Most people say their biggest fear in retirement is a need for long-term care that exhausts their savings. Yet, most people don’t have long-term care insurance. The biggest reasons given for not having LTCI is that it’s expensive and people are concerned about paying all the premiums and never claiming benefits.
In response, insurers created the hybrid or combination policies. These are annuities or life insurance that have long-term care riders. They’re controversial. As I’ve discussed in past issues of Retirement Watch, the hybrid coverage generally is more expensive and not as robust as stand-alone LTCI. But hybrids also don’t tie up all your money, unless you max out hte coverage (depending on the policy).
Here’s another view of hybrid policies. It explains in detail how some of the policies work and provides some pros and cons.
There actually are two ways to use life insurance to protect against long-term care risk. The first is to buy a life insurance policy with a chronic illness rider. This is an accelerated death-benefit rider that can pay out 2% of a death benefit monthly to pay for care. That means the policy must be very large in order to pay out a significant benefit. In most states, these policies aren’t formally classified as LTC policies.
The second option is a combination life/LTCI policy, such as Lincoln National’s MoneyGuard Reserve Plus. This is a universal life insurance policy with an optional LTC benefit rider. Policy premiums can be paid upfront or in installments during a 10-year period, and the premium rates are locked in at the time of purchase. There’s also a refund feature available to buyers who change their minds, after all premiums have been paid.
“The biggest driver of a combination policy is the need people have to protect their assets in the event of a catastrophic long-term care need but not tie up their funds in an illiquid investment,” says Steve Schoonveld, assistant vice president, head of linked benefit product solutions at Lincoln National.
One of the problems with many estates is the records are incomplete or unorganized. The executor and beneficiaries often don’t find out about all the assets available to them. One ripe source of unclaimed benefits is life insurance. Some estimate that there is $1 billion in unclaimed life insurance benefits. Many of the policy benefits probably are small. People often forget that they receive life insurance through employers, association memberships, and other sources. But sometimes a sizeable policy isn’t known to the beneficiaries.
It’s not easy to find unclaimed insurance benefits. Here’s a guide to the steps you can take to locate life insurance benefits you might be owed. (Subscription might be required.) Some insurers are being proactive in locating beneficiaries, but few are doing it at the moment. The burden is on you to find out if you are owed anything.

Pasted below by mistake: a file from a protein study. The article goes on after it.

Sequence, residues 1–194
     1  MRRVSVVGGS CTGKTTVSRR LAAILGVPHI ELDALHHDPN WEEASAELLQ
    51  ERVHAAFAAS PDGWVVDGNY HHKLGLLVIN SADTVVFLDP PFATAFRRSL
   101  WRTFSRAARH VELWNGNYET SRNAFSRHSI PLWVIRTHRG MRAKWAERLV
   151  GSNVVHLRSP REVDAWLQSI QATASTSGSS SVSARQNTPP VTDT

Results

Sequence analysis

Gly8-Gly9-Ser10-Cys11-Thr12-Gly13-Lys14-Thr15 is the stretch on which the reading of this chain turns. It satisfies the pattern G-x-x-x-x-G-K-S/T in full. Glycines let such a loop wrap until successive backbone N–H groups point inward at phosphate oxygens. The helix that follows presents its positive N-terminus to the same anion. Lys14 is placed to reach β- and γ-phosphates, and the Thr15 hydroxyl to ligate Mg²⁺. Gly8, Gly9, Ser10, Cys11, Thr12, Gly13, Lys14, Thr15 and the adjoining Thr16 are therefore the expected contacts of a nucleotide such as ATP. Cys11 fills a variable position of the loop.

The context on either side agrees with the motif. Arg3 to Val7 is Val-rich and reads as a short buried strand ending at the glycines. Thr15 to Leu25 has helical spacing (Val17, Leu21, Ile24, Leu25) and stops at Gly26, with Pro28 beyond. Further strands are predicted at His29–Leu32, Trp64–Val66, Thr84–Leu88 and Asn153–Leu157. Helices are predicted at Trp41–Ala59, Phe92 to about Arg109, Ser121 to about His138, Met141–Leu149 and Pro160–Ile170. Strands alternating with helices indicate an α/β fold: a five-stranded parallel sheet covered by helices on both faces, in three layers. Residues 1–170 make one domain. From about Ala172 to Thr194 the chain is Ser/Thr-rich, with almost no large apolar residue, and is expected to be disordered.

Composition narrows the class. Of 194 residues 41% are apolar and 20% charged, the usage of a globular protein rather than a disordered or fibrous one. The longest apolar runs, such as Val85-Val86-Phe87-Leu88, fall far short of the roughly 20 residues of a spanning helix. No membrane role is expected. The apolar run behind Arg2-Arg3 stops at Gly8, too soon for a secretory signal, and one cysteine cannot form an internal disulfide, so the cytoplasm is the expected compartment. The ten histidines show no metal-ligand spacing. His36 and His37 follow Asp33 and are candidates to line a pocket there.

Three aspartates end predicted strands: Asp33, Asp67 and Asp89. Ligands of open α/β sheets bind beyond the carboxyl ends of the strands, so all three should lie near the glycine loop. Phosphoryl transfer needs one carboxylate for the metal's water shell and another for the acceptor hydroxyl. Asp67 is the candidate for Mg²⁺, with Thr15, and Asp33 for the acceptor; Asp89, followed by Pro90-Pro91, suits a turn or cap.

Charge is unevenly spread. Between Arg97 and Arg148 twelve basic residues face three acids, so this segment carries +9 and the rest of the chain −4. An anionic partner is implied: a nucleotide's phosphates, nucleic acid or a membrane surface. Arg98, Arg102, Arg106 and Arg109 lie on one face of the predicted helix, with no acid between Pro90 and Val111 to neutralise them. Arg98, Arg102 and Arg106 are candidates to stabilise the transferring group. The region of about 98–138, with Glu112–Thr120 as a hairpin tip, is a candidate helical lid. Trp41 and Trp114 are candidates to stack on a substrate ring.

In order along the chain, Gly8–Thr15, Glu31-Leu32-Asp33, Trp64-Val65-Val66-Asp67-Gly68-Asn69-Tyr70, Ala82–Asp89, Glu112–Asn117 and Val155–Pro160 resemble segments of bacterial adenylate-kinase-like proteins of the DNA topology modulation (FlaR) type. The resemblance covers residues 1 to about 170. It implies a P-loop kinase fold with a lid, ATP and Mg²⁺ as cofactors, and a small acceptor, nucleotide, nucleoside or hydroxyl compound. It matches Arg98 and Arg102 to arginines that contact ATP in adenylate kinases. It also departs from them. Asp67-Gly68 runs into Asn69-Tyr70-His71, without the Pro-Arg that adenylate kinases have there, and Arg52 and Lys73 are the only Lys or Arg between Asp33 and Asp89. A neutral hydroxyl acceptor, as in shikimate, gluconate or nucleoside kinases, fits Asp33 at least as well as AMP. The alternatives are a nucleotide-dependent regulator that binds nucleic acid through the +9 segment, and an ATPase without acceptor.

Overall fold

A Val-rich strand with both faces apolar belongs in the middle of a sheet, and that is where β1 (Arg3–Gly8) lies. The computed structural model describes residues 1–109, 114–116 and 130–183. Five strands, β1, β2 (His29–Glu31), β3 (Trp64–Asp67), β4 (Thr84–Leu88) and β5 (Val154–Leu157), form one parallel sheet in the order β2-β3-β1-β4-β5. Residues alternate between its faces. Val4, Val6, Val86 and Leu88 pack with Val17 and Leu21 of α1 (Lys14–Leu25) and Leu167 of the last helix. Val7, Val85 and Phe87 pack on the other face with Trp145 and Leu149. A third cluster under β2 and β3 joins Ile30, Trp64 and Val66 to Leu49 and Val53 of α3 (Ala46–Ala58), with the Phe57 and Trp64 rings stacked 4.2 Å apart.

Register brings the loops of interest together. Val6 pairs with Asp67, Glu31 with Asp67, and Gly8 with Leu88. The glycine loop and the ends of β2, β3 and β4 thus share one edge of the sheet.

The American Council of Life Insurers, a trade group, lists on its website search tips including checking with the benefits office at a loved one’s latest and previous places of employment, or a union welfare office. It also suggests checking canceled checks to see if any were written to pay premiums.
The ACLI also advises checking the mail for one year after the death for premium notices, which usually are sent annually. If a policy has been paid up, there won’t be a notice of payments due, but the company might still send an annual notice about the policy and pay a dividend, the ACLI says.
Also, the group recommends reviewing old income-tax returns, looking for interest income from, and interest expenses paid to, life-insurance companies.
Life insurers pay about 99% of benefit claims without much question. But there are reports and law suits alleging that insurers are denying more claims than in the past and stretching facts and arguments to make those denials. Insurers, like other financial services firms, are suffering from low investment returns (or high losses) and the slumping economy. Most of the claim denials are under policies issued under employer plans or association plans. These policies are free from some restrictions that cover other types of policies in most states. Some allegations are that the insurers delay paying benefits so they can collect investment income for a while longer.
Life insurers do pay most claims in full—more than 99% of the time, according to data from the American Council of Life Insurers, a Washington-based trade group. Nobody keeps track of how often companies delay making those payments or how often they use spurious reasons.
As of 2009, the latest year for which figures are available, insurers in the U.S. were disputing an accumulated total of $1.3 billion in claims, the ACLI reports. Included in that amount was $396 million in death benefits turned down in 2009. In the same year, insurers paid out $59 billion, the ACLI reports.
The article provides several examples of cases some insurers denied.